Producers of building materials should have these thermal and moisture properties available for their products. This data is used by architects and engineering in designing HVAC systems, determining if and where a vapor barrier should be installed and in complying with energy codes.
The water vapor permeability of the EIFS lamina is important. If water vapor flows outward through the EIFS insulation in cold climates, it might freeze between the lamina and the foam. Water expands when it freezes and this can dislodge the lamina from the foam. Conversely, in the summer, in hot, humid climates, vapor trying to permeate into the building from the outside, might condense in the stud cavity, reducing the insulation effectiveness and contributing to, possibly, mold problems.
For EIFS, there is some specific hope in this terminology and testing issue. The well-known ASTM organization has a new standard test method for measuring the permeability of EIFS coatings. This method uses another, existing ASTM test method, titled E96, as the basis determining the perm ratings of EIFS samples. This new EIFS-specific test method was developed to help improve the existing E96 method, which could be used for a variety of materials but needed to be updated be more accurate and clear about how exactly to do the test for EIFS.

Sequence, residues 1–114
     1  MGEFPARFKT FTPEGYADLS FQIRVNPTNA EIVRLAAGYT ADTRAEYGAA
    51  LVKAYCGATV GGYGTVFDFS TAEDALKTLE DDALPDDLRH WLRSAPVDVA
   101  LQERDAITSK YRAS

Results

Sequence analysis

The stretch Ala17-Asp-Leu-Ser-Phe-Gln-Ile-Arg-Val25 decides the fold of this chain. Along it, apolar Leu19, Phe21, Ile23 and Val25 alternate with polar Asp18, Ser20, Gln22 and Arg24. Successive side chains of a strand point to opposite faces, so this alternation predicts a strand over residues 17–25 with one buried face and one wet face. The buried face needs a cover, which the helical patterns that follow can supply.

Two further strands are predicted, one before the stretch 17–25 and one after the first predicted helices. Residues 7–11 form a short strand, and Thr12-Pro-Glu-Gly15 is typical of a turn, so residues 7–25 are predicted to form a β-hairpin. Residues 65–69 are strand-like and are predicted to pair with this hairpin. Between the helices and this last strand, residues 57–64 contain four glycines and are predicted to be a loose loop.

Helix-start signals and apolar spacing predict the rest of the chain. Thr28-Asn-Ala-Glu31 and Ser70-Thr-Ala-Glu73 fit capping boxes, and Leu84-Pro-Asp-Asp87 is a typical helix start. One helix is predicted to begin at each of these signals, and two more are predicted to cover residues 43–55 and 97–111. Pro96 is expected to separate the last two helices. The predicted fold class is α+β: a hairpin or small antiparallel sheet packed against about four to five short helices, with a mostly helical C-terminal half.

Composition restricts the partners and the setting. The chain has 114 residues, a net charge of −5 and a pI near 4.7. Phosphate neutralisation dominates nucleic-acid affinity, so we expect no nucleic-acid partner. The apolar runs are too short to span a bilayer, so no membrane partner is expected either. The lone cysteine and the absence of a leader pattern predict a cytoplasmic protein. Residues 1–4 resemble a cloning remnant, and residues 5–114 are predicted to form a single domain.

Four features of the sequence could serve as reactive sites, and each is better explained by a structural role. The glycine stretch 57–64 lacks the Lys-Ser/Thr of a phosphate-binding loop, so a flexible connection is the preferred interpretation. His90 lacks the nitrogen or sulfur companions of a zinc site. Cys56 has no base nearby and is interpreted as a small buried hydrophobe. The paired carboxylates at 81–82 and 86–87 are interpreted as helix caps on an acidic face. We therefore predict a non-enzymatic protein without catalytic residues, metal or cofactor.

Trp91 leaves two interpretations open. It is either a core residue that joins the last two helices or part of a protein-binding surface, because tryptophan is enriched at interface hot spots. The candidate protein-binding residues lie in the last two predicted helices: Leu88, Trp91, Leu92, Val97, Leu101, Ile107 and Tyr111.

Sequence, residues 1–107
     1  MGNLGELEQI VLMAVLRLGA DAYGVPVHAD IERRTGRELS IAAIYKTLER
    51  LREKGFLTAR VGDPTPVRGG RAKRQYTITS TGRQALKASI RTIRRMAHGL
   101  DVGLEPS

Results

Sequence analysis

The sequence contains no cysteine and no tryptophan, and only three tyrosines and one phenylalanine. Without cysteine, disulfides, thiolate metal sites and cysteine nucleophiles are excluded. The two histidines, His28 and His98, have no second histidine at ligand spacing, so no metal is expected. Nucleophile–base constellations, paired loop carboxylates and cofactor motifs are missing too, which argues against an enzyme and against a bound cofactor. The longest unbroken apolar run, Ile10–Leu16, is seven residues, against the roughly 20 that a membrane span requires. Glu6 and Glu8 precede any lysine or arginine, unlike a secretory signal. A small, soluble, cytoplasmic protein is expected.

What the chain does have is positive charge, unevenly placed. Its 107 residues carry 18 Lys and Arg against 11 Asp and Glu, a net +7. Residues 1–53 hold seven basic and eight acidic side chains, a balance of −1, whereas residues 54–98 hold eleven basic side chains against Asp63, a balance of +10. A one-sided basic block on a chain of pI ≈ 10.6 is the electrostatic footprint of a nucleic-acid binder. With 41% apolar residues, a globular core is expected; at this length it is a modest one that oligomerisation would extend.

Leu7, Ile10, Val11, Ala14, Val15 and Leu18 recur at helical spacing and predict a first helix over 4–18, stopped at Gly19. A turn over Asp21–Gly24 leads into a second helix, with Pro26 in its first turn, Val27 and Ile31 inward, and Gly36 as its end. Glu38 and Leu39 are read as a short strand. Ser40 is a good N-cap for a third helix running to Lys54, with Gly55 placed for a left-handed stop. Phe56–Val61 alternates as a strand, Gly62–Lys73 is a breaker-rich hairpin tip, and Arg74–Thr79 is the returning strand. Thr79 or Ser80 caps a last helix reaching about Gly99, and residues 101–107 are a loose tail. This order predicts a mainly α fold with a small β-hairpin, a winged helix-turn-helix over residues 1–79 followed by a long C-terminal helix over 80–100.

The bottom line of this article is to be sure to inquire about the units of measurement of which a given bit of technical data is presented. The terms perm and permeance, for example, are often used interchangeably when they clearly are not the same thing. It's easy, if one uses the incorrect terms, to ruin any engineering calculations for water vapor and heat flow. This, in turn, could have a major impact of heating and cooling systems and other performance aspects of the walls. If you or the person you are discussing these issues with is unsure about what exactly is being discussed, send the pictured table to them and then discuss the matter. A free, full-page PDF version of this table can be found at www.eifs.com/heat-vapor-terms.pdf.